One generation shall commend your works to another, and shall declare your mighty acts. – Psalm 145:4

 

Loss and Legacy
Categories
Current Events Matrimony Same Sex Attraction Victoria K

Seven Things Catholics Can Learn from Pride

Note: This is not an article about what the Church teaches about homosexuality or gay marriage.  I’m just focusing on take-aways Catholics can have from the month of June as “Pride Month.”  I believe very strongly that Catholics are called to acknowledge and affirm the Truth wherever it may be found.  I stand by the Church’s teaching on traditional marriage.  Full stop.  But I believe that there are ways that we can better love and serve the LGBTQIA+ community.

If you’re looking for posts about the Church’s teachings on gay marriage, Jason Evert has an AMAZING video on this topic.

Seven Things Catholics Can Learn from Pride

 

  1. LGBTQIA+ suicide and self harm is a pro-life issue.  As a youth minister, I believe strongly that priests, youth ministers, young adult ministers, DREs, and a variety of lay people should be equipped with knowledge of how to help struggling LGBTQIA+ persons.  At the very least, we should know how to help people get the help they need.
  2. We should raise our kids to stand against bullying.  This includes standing up for LGBTQIA+ peers and reporting bullying to trusted adults.  Bullying is not OK.  It is never OK.
  3. Watch your speech. If we want to show the LGBTQIA+ community that we love and care about them, we need to remove “gay,” “fag,” etc as derogatories from out speech and remind others to do so as well.  And it doesn’t stop there.  When we talk about LGBTQIA+ topics, do our words shine with love and the truth?  If not, don’t say anything at all.
  4. Understand where many are coming from.  One thing I’ve seen so strong from people posting about Pride is that many members of the LGBTQIA+ community have been hurt by (or know someone that has been hurt by) someone who supports traditional marriage.  This hurt could have been in many forms: emotional, physical, etc.  You may not have been the aggressor, but they now associate those who espouse traditional marriage with aggression.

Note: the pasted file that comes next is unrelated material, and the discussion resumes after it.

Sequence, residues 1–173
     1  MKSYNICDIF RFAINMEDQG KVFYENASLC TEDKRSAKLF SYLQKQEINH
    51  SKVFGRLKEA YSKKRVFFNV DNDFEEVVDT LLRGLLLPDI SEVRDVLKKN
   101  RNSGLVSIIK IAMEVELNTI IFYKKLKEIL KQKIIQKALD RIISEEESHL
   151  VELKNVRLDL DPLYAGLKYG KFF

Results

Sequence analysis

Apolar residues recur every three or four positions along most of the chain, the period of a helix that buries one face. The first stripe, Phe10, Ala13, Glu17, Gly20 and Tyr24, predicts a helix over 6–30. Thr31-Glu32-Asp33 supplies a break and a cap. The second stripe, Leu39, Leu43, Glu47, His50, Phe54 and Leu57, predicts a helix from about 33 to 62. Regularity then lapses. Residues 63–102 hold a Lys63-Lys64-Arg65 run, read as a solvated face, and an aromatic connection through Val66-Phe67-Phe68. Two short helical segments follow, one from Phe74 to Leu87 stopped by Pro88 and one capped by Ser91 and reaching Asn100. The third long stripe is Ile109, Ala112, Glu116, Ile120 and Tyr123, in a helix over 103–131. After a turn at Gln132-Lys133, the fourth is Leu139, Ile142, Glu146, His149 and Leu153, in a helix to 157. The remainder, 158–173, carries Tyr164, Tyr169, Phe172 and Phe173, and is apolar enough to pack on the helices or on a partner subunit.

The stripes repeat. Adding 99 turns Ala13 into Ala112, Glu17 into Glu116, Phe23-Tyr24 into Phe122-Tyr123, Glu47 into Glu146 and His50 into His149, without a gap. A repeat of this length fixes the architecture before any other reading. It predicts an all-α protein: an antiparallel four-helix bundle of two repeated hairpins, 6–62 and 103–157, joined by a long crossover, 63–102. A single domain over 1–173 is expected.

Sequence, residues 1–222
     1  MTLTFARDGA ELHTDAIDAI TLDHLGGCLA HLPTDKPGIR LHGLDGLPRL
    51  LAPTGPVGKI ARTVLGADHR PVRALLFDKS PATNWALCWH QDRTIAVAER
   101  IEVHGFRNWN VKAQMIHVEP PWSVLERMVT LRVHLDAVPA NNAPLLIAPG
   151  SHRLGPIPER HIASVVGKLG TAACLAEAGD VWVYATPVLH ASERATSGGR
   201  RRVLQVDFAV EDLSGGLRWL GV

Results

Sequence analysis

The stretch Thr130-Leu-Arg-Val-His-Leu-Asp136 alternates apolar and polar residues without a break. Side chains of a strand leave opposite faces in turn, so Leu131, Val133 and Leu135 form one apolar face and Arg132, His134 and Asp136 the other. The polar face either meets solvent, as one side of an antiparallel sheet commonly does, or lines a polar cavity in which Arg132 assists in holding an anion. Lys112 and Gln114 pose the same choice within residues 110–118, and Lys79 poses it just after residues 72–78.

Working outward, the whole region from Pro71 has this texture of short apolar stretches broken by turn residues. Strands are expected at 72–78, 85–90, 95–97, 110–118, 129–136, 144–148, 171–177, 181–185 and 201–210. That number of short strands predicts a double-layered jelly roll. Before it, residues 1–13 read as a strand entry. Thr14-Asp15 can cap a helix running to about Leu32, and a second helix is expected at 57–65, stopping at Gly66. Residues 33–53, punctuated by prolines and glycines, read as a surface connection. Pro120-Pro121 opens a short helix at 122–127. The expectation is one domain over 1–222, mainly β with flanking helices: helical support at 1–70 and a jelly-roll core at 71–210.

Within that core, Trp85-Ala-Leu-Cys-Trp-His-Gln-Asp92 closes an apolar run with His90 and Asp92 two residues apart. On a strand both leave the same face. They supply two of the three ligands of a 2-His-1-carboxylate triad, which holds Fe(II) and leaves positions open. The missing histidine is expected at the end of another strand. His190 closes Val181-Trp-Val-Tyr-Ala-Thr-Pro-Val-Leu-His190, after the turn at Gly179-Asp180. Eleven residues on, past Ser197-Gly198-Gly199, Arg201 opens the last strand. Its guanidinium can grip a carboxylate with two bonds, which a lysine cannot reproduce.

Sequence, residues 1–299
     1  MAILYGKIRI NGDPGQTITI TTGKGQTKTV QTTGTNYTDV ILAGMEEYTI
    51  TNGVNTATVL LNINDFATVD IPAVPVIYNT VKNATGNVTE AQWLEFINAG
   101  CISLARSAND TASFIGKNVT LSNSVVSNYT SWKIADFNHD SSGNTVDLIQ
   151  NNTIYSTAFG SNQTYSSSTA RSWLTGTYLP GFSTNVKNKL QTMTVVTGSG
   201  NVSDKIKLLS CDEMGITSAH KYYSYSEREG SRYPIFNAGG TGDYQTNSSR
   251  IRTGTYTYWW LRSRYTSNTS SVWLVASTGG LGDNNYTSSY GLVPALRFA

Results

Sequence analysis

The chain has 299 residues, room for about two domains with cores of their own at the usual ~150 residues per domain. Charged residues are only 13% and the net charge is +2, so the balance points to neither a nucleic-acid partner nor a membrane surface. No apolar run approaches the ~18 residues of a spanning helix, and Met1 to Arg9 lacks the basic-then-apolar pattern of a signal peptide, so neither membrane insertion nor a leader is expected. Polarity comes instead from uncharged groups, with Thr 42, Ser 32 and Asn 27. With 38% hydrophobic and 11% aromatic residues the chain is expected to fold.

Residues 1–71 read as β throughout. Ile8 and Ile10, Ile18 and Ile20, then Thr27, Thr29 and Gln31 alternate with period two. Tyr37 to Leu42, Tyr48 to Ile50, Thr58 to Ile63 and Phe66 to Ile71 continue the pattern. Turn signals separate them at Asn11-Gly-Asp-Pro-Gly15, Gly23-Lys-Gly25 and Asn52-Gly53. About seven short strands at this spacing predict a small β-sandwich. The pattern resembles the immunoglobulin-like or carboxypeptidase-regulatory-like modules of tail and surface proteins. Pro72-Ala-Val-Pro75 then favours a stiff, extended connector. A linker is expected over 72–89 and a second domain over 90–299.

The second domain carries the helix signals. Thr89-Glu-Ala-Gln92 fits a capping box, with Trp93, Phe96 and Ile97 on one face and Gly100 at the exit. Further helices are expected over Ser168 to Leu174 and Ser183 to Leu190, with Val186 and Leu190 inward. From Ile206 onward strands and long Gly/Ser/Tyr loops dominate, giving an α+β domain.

5. Ask loving questions.  One way that we can approach with charity is by listening first.  Not too long ago I reviewed Everyday Evangelism by Cathy Duffy.  She made the phenomenal point that:“…while an understanding of doctrine and worldviews is helpful, more often than not, the most valuable skill you bring to the table for an evangelistic conversation is the ability to listen.” We are called to become active listeners, because through listening we show that we truly care about the person as an individual.  Duff continues later to say: “Most people recognize that if we really care about someone, we should want to listen to them.  And, conversely, if we don’t care about someone, we convey that message by not listening to them.  The challenge for us is to improve our listening skills…” Before we do anything, we should listen.
  6. Be so careful as to what you post on social media.  I love social media.  But proceed with caution.  What you say is a public pronouncement to everyone and can be so warped out of context.  Fellow inkslinger Maurisa Mayerle wrote an incredible guide to interacting over social media which you can find here.
  7. Stop talking about “straight pride parade.”  This is a specific thing but it’s cropped up this particular pride month.  It feels like we’re drawing battle lines as opposed to forming relationships.   This is not how we show love, or start open, loving conversations.

 

At the core of all of this, sisters, is Love.  During this Pride month, a story went viral.  It was about a man wearing a  “Free Dad Hugs” t-shirt (you can read it here).   He shares about people who would come up to him, crying, desperate for that “dad hug.”  So desperate for that love.  It’s heartbreaking to think of someone who feels so hated.  Especially when we all have a Father in heaven who longs to give them the Love that they seek.

Sisters, many of those who participate in Pride truly feel like Catholics hate them, look down on them, refuse to love them.  We are called to re-write that script.  We are called to be the Love.